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Law Office Design

Think Holistically About Your Workspace for Better Office Health

By Amy Bradac

Businesses of all kinds — including law firms — are scrambling to reconfigure workspaces to meet COVID-19 guidelines for physical distancing and reduce the chance of infection. While it’s tempting to move quickly to get your firm up and running, beware of moving too fast on temporary fixes. Taking a step back and approaching office renovations holistically will serve your firm better in the future. Here’s how.

Involve Representatives From All Stakeholder Groups

Firm management may have a strong vision for transforming the workspace to improve office health, but other perspectives should be part of the mix.

Request feedback from not just partners and associates, but those in various other roles firmwide. Hearing multiple perspectives may sound like a recipe for chaos, but a good leader, with the help of an objective third party, should know how to draw on everyone’s insights, dig deep to determine specific needs, and develop a game plan that gets everyone on the same page.

Everyone involved will see the project from a different and useful angle:

  • While it may not be the only priority, the management team will likely have a keen eye on costs when making renovation decisions.
  • The human resources group will focus on employees’ perspectives to encourage talent retention and recruitment and workplace health and safety, as well as what is required by governing authorities.
  • If your space is leased, the landlord will have a say regarding any modifications to structural and mechanical systems.
  • Consider back-office visitors for activities such as mail service, catering and supply deliveries.
  • And don’t forget to consider clients’ needs. The way they use the space — from checking in with reception to occupying a conference room — will drive many decisions about office flow and walking paths.

Even the simplest of changes can go awry if not examined from a variety of angles to see who it might affect and what additional areas of expertise may be required. For example, spreading out desks seems like an easy move — but it may require an electrical engineer to extend power, data and phone lines into new areas. Revamping a large closet to accommodate audiovisual or IT equipment might seem workable. But if the closet doesn’t have access to adequate ventilation, you will need mechanical and electrical engineers.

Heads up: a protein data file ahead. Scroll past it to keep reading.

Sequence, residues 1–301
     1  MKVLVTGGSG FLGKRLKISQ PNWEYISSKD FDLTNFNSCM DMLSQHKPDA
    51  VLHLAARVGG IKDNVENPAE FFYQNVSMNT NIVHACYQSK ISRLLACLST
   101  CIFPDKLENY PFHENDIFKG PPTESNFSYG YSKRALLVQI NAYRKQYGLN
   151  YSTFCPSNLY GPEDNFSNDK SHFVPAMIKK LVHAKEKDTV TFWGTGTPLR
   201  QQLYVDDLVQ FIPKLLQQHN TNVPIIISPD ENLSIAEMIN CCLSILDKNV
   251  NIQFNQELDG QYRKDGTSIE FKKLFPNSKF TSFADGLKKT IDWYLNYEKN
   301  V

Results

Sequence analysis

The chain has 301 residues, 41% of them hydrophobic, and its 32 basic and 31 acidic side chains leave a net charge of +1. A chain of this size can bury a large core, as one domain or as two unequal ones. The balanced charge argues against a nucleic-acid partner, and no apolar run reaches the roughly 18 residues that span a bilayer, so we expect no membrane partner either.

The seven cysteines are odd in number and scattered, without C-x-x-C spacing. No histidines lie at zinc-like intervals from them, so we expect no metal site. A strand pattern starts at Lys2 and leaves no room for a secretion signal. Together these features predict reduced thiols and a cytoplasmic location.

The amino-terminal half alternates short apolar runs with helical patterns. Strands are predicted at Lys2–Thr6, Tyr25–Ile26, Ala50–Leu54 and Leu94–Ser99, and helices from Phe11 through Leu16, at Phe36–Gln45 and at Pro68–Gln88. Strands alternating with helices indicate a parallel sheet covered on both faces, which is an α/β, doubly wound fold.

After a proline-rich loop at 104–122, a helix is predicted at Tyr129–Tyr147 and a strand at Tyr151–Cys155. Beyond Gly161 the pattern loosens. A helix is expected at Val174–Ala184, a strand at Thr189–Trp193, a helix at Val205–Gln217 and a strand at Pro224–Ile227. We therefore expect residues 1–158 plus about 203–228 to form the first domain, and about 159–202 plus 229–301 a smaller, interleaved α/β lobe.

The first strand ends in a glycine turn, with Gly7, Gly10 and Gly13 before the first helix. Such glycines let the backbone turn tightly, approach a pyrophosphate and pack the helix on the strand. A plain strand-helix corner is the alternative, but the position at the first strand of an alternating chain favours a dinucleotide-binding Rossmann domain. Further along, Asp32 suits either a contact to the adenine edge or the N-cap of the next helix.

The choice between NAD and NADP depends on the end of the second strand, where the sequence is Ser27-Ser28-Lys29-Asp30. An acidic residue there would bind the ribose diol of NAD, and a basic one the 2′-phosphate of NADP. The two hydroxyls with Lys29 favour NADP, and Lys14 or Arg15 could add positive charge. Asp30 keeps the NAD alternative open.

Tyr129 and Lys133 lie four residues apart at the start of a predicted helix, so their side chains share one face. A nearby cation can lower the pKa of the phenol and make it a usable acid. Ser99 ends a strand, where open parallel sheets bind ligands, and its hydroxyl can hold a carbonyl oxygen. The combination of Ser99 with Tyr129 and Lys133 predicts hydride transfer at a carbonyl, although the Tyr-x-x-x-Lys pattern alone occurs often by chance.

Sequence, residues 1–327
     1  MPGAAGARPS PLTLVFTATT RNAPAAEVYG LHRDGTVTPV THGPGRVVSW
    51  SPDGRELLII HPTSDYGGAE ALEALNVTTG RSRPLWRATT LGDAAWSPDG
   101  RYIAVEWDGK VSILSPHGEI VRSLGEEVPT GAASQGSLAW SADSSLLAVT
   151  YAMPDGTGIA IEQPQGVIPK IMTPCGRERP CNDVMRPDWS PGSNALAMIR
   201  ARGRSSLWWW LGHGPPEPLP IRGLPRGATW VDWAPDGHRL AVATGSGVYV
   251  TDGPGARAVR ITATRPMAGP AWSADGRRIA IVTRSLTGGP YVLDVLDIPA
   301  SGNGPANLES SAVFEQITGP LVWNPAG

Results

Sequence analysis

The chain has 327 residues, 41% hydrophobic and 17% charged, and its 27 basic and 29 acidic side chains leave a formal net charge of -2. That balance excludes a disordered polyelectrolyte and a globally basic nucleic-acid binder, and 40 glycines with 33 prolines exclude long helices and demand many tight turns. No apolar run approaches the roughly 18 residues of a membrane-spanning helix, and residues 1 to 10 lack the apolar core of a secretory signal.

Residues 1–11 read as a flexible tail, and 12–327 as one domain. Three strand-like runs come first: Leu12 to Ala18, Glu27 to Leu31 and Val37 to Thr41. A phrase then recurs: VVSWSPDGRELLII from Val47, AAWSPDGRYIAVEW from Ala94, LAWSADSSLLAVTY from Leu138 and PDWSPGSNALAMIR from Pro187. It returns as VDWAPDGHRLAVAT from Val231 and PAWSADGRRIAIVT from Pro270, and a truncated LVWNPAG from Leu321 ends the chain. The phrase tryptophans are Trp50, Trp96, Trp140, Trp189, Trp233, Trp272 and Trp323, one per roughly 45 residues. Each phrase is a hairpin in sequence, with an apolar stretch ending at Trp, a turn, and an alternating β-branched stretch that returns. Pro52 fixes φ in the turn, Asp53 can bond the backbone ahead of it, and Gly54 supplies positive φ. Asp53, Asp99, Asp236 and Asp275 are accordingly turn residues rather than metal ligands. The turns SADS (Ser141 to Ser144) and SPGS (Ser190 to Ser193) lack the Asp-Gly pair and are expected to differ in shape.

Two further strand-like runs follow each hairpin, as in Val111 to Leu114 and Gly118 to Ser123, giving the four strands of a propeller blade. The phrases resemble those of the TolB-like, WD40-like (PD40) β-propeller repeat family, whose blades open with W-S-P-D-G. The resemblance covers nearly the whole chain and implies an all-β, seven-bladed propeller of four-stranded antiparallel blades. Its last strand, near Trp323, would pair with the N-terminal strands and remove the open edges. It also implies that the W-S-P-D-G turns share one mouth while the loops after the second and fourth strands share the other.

Consider how other mission-critical spaces might be affected:

  • File and records rooms
  • Libraries
  • Trial preparation and war rooms
  • Client conference rooms

Many of these spaces are used by more than one person simultaneously and involve handling shared physical materials. How will they be affected by space constraints, airflow and occupancy limits?

A good project manager should know the relevant trades to engage in design and construction and coordinate all parties from the start. They should also know what activities require permits from the local jurisdiction and can facilitate that process.

Prioritize Employee Well-being in Office Health Redesign

A holistic approach to office design goes beyond architecture. It considers different perspectives on how people use the space, prioritizes health and well-being, and includes options for where and how people want to get work done differently throughout the day.

Numerous studies have shown that healthier, happier employees have fewer health issues, are more productive, and are less likely to leave. Make sure the renovation process meets the diverse perspectives of your employees. An experienced project manager can advise on the best way to schedule remodel work to have the least amount of impact on ongoing operations.

The pandemic and shelter-in-place orders have forced people to adapt to working in new remote environments. Groups of lawyers and staff may come to the office only part time for the foreseeable future, perhaps on staggered schedules, or only for important meetings or trial preparation and document signings. Law firm design or reconfiguration for office health should optimize the space for how people will gather going forward and allow for more meaningful interactions.

Opportunities for Positive Change

The coronavirus has transformed the way we work and it is unlikely that law firms will return completely to the way things were before. Instead of rushing forward, planning for how your firm wants to work in the future will help minimize the cost of interim changes or for short-term adaptations.

In adapting our workspaces for a new reality, we have opportunities to make positive changes. With the power of holistic thinking, we can enhance productivity and employee well-being — for everyone’s health and the health of the bottom line.

Illustration ©

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Amy Bradac Bradac Co Amy Bradac

Amy Bradac, AIA, Leed AP, is the founder and CEO of Bradac Co, a full-service real estate construction management firm guiding clients in every discipline of a project from searching for space, designing, building, moving in and support afterward. For more information, visit

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